At 4:15 am, there wasn’t exactly the abundance of autorickshaws that the hotel receptionist had claimed there would be, but after a few moments of worry, I found one. The driver tried to take advantage of my lack of options by quoting a price that was three times what it took me to get the same distance the previous afternoon.
Down the street, I noticed a handy bargaining tool — another rickshaw. I waved goodbye to the driver and started walking towards it. He drove behind me as I walked away and said, “Okay, okay.” He laughed in amusement at my pluckiness. As we began to head towards the train station, a man got into my rickshaw and I insisted that he get out. Strange men hopping into your non-shared transportation as you drive away was yet another situation I’d read warnings about that I actually encountered in India.
We sped through Agra as fast as an autorickshaw can go, until about ten minutes later when a police officer waved us over. There was some talking and pointing and then the policeman shoved my large backpack closer to me and two large old women crowded into the rickshaw with me. In response to my wide eyed confusion, everyone smiled and nodded at me. We drove off. After my initial shock, I felt okay with the two old police-sanctioned women. They got off about five minutes later and thanked me profusely.
At the train station, it was eerily empty. A few people were sleeping on the ground and few people were working. I tried to spot the woman from China I’d met in Varanasi who was supposed to be on my train, but didn’t see her. On the screens, it said that my train was on time.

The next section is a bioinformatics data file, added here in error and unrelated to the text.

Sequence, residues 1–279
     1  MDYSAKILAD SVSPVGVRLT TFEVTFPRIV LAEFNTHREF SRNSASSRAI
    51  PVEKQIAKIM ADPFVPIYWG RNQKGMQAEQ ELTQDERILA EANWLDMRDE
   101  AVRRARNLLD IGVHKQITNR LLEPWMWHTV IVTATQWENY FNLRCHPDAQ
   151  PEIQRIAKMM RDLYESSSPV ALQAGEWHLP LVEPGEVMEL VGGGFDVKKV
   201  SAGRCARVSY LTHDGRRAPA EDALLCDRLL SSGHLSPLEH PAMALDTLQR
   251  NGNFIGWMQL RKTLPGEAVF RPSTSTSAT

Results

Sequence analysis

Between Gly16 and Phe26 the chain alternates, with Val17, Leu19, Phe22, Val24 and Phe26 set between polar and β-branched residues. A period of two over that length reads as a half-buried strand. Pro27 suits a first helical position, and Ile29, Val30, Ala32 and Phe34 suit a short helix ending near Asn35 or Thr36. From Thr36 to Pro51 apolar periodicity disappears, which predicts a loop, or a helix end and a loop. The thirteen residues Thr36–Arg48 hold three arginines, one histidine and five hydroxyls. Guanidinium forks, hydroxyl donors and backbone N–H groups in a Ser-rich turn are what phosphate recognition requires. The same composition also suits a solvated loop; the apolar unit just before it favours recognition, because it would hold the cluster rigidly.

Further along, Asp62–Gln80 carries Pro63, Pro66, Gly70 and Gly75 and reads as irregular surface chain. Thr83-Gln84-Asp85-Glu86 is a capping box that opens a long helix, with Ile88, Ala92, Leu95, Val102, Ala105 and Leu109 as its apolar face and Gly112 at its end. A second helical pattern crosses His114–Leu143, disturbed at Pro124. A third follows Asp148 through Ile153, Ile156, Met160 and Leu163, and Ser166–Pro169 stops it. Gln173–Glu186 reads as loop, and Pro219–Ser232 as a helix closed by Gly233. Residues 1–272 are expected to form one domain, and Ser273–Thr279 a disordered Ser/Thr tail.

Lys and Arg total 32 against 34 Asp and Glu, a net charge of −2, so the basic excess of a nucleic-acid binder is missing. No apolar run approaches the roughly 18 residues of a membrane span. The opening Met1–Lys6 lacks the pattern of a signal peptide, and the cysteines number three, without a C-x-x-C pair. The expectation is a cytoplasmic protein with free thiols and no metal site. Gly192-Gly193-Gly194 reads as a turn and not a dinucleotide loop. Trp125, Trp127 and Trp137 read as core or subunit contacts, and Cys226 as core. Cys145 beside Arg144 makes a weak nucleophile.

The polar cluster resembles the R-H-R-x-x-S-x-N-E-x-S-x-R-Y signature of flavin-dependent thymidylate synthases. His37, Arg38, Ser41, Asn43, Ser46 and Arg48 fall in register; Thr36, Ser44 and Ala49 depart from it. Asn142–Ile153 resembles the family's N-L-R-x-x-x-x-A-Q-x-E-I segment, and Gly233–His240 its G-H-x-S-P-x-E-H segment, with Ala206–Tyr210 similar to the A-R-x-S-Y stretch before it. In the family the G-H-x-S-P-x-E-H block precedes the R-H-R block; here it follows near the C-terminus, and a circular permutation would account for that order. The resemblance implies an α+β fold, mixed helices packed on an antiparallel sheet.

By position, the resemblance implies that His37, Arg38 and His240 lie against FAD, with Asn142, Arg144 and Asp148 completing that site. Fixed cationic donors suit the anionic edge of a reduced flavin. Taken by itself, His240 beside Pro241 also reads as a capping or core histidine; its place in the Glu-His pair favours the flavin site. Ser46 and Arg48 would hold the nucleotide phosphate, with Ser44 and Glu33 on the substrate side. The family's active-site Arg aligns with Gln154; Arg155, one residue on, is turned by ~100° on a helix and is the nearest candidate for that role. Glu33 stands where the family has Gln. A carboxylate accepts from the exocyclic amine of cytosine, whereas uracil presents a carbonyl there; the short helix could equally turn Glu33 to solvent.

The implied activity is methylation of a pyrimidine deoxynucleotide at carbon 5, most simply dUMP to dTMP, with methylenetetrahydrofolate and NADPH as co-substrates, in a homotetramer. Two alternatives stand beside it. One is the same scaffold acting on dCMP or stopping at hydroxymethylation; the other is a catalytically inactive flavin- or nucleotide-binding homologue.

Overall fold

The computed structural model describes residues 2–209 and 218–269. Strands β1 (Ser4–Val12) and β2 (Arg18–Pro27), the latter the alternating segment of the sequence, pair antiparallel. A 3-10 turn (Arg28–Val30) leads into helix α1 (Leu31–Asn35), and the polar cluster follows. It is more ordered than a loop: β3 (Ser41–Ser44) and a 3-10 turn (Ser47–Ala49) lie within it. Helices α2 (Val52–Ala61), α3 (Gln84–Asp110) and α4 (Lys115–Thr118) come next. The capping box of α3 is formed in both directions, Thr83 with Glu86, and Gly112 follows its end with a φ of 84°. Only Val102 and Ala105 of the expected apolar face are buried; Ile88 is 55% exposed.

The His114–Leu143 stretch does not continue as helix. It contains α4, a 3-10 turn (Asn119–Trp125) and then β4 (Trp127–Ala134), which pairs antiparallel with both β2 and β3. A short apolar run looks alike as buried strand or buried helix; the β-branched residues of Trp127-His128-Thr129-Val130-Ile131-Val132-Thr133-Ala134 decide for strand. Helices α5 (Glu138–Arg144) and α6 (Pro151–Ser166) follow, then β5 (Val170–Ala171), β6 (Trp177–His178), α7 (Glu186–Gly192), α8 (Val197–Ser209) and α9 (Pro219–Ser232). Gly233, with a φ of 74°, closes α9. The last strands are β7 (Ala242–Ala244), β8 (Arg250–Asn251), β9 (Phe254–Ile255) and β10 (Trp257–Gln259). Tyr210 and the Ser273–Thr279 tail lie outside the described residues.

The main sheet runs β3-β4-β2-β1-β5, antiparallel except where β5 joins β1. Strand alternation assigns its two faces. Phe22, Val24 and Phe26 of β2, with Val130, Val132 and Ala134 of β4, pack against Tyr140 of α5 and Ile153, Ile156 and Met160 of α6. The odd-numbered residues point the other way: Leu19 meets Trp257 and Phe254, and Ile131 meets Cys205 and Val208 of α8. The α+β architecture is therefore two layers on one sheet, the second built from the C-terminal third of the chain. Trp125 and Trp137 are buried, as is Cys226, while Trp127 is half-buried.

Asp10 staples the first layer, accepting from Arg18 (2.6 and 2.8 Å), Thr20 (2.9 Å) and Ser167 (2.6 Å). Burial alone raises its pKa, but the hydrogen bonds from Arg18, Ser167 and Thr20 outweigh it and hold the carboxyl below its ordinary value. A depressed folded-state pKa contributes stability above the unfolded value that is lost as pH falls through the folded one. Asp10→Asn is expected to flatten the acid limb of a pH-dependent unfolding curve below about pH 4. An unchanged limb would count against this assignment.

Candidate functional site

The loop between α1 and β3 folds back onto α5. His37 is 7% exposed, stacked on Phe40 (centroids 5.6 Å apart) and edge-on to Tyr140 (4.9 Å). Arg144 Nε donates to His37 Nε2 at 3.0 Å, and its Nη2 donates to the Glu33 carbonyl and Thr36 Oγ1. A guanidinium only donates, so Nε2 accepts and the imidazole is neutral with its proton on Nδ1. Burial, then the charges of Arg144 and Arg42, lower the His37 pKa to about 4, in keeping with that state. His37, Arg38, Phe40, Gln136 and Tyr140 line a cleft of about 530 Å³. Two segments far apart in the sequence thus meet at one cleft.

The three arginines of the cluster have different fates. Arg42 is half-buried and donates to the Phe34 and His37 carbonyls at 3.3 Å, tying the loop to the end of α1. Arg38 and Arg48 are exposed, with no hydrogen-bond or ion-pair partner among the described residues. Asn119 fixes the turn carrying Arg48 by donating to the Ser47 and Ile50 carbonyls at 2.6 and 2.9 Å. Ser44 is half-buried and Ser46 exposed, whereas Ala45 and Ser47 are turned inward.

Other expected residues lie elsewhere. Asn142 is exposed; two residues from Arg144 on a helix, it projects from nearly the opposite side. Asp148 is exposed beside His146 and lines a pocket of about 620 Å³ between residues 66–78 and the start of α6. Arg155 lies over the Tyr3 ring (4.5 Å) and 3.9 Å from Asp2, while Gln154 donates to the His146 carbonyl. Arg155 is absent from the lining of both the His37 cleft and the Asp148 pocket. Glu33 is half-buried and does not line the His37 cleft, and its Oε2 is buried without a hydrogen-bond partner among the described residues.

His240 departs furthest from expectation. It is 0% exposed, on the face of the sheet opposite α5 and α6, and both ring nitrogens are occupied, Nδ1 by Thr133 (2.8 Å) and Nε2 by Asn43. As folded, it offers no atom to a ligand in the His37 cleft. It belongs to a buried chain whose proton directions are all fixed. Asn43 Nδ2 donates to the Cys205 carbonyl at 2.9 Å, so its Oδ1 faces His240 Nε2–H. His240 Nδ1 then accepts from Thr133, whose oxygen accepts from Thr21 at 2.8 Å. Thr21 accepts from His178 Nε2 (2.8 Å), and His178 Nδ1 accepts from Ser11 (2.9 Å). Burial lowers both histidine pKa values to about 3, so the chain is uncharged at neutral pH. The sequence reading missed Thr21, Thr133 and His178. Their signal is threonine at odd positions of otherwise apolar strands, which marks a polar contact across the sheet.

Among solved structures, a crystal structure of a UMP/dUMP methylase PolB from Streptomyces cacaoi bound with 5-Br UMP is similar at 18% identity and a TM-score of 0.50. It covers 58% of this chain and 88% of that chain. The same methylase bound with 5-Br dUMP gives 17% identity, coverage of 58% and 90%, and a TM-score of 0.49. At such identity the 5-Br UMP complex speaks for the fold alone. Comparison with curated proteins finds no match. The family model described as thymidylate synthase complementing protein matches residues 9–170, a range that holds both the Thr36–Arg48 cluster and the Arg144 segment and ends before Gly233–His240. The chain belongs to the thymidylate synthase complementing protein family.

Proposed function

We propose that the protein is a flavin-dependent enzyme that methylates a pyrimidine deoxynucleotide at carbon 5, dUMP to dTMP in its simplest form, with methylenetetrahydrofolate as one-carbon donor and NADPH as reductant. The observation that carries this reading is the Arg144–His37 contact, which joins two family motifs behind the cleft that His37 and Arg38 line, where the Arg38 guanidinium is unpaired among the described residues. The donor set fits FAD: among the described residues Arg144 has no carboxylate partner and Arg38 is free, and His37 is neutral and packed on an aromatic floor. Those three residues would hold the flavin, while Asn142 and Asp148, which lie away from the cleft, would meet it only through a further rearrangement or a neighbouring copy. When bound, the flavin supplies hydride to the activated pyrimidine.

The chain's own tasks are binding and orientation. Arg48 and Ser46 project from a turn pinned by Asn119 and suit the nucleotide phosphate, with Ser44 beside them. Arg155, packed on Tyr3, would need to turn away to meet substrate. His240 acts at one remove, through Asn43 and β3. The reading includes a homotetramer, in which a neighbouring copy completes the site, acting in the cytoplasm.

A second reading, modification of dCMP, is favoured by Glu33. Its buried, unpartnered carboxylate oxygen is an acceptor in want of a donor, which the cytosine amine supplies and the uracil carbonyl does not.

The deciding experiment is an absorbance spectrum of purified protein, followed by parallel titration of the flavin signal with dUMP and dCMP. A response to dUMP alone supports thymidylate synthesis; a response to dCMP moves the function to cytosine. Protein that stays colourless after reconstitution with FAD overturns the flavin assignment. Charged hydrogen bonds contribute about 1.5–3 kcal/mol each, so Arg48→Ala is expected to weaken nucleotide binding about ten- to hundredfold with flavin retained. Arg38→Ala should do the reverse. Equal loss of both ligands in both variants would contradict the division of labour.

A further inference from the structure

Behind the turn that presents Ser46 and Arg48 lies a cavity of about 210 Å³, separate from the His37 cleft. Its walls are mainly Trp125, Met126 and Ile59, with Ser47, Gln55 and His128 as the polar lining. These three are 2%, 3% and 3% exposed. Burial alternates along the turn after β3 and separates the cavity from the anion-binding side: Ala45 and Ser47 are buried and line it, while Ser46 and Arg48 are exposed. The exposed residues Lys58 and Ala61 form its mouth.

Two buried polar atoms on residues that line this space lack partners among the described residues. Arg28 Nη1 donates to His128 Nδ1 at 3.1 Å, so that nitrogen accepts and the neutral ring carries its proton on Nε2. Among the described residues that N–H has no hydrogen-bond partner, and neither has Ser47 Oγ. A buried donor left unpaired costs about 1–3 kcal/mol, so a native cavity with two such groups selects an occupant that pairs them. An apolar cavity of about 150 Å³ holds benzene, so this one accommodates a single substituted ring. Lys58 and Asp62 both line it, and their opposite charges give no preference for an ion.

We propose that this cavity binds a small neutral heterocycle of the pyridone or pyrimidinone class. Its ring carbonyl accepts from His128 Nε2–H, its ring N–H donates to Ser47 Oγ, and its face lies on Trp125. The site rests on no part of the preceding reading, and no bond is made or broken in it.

Suddenly the train appeared one track away from where I was standing. It seemed like people came out of nowhere to board it. I made my way up the stairs and over to the train and found the woman from China already on it. She was sitting in the middle of a row of three on the other side of a table from me. We had both had tickets that showed we were supposed to be in a rows of just two.
As we chatted, we were joined by another foreigner, a man from France with salt and pepper hair who didn’t say much to us. Two other Indian men joined our table. As the train began to leave, the seat next to me was still empty, and remained so throughout the ride. I smiled at my luck, spread out, and took a nap.
At sunrise, it was gorgeous as that time of day typically is, but the beauty of the rising and setting of the sun is amplified in India simply because you are in India. It’s the calm before the chaos or the beginning of a respite from it. As we slowly began to reach alertness, a chai wallah came by with his pot of liquid wonder to aid in the waking up process.
Rajasthan. It’s a name that sounded magical and mysterious to me and evoked my imagination. I could now see it. I liked the emptiness and the dry earthiness of the countryside we were passing through. When the villages began to awaken, I found that I liked the aesthetic as well. Even more than I’d seen previously, men walked around in bright white khadi and women wore saris in the most brilliant shades of yellow, orange, pink and turquoise. In India, it seems that the more muted your surroundings are, the more vivid your attire should be. Color is always present.
Over dinner the previous night, one of the Australians I visited the Taj Mahal with had told me that Rajasthan is the India people imagine and a place that many travelers like. In Jaipur, I would find that while it still had all of the elements that made India a challenge, what the Aussie said was largely true for me. I was happy that my trip was beginning to wind down, but Rajasthan was the place that made me wish I had a little more time.